Thanks to 20 years of seismic data processed through one of the world’s most powerful supercomputers, scientists have created the first complete, 3D visualization of a mountain-size rock called the Kumano Pluton buried miles beneath the coast of southern Japan. They can now see the rock could be acting like a lightning rod for the… Continue Reading Big Data Imaging Shows Rock’s Big Role in Channeling Earthquakes in Japan
2022 in Review
2022 was another great year for research at the University of Texas Institute for Geophysics. Take a look at the research, pursuits and achievements you may have missed.
It’s the front line of climate change and could hold the key to predicting global sea level rise, but what goes on at the underwater face of Greenland’s glaciers is a mystery to science. That could change in 2023 with a bold new mission led by researchers at The University of Texas at Austin that… Continue Reading Robotic Exploration of Uncharted, Underwater Glacial Walls Set for 2023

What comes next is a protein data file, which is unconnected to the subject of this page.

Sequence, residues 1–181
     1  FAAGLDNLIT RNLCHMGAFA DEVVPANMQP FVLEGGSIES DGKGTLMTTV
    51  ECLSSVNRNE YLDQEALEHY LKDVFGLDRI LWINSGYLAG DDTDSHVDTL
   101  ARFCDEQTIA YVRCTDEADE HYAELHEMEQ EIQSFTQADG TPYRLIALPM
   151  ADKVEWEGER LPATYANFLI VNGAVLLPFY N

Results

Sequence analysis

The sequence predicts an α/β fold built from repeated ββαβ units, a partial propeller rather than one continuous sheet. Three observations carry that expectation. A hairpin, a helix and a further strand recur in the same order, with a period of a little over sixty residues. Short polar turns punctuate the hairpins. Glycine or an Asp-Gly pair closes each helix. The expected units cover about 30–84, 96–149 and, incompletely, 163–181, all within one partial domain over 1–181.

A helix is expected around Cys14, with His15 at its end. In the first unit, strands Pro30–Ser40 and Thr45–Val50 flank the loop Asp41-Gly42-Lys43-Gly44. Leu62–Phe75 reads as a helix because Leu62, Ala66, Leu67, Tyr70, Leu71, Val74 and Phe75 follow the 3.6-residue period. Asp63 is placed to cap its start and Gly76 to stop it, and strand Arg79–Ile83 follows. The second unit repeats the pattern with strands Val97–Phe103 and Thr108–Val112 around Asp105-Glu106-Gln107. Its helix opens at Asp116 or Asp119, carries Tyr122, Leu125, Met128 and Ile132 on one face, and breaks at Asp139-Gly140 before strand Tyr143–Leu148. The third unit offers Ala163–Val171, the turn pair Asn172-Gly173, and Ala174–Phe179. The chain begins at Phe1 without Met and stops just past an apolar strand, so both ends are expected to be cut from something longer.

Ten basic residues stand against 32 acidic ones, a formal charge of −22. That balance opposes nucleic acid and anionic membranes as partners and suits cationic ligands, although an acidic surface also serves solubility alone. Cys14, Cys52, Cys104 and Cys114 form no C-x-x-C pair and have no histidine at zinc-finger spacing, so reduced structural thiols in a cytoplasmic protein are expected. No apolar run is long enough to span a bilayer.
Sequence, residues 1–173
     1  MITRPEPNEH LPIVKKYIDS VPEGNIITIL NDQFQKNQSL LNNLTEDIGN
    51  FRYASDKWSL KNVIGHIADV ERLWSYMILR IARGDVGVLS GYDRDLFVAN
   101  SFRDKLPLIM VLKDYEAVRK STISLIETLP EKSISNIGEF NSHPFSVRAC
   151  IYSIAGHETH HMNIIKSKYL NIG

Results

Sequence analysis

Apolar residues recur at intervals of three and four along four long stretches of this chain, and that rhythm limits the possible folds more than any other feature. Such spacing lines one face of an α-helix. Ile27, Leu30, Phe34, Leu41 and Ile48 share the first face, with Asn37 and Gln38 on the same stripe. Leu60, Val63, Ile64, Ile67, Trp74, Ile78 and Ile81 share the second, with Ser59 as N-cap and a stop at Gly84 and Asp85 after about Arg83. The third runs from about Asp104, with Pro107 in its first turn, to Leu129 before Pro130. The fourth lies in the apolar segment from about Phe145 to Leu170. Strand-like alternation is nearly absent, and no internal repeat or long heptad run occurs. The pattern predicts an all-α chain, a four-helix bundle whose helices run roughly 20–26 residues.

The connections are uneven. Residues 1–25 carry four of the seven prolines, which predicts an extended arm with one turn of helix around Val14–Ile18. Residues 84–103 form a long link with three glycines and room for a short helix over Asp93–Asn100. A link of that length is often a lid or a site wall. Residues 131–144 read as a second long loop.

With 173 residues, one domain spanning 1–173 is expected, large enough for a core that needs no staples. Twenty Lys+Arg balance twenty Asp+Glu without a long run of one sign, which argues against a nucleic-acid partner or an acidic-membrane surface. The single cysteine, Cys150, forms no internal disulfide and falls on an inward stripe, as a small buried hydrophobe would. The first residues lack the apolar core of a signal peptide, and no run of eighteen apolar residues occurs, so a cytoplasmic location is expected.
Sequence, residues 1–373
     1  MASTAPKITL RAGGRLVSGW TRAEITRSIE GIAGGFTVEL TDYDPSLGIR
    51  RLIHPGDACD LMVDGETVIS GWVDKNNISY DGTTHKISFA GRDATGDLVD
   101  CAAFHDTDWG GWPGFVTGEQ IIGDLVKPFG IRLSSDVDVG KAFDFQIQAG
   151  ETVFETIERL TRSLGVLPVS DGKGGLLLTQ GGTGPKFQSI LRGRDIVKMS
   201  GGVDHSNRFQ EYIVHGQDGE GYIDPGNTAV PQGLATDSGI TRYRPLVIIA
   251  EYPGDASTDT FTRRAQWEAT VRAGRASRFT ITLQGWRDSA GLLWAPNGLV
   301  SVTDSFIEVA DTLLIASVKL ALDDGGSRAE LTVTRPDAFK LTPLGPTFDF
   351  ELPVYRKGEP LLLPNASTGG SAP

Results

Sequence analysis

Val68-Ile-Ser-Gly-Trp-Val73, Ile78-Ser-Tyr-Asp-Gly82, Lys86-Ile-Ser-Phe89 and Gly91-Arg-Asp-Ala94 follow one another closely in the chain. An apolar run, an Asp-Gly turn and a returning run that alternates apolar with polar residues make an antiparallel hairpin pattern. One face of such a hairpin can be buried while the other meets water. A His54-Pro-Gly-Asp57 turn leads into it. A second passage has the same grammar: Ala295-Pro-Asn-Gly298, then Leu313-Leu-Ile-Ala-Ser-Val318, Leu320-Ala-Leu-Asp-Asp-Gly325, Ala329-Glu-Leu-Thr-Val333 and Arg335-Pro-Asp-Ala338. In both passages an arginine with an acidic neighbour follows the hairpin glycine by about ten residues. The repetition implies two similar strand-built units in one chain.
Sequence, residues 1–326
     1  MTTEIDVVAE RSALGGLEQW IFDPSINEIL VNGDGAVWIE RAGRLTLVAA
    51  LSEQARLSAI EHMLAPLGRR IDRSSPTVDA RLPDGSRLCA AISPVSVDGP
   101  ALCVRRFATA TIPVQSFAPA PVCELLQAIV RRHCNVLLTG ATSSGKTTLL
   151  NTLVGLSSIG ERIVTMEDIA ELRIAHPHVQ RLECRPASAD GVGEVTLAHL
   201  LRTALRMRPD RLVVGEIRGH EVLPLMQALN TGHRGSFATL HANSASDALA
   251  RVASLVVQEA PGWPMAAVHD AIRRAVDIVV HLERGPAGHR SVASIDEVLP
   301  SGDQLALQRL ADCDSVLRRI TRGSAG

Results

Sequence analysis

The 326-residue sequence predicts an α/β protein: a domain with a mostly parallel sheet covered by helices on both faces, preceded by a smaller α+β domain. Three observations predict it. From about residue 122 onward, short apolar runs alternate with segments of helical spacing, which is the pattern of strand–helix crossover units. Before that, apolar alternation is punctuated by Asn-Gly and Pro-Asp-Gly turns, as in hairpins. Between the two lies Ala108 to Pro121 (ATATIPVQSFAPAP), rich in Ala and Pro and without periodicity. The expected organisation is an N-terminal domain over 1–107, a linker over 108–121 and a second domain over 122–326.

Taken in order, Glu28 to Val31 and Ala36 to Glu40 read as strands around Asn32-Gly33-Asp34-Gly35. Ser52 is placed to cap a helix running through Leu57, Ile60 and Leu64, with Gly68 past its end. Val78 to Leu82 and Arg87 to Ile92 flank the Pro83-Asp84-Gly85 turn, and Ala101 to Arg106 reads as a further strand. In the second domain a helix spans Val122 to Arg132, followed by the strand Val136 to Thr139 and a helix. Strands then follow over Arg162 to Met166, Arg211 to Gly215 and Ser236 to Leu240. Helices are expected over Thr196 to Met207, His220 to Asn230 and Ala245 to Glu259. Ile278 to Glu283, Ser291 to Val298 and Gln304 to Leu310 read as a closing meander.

Liquid water previously detected under Mars’ ice-covered south pole is probably just a dusty mirage, according to a new study of the red planet led by researchers at The University of Texas at Austin. Scientists in 2018 had thought they were looking at liquid water when they saw bright radar reflections under the polar cap.… Continue Reading Hope for Present-Day Martian Groundwater Dries Up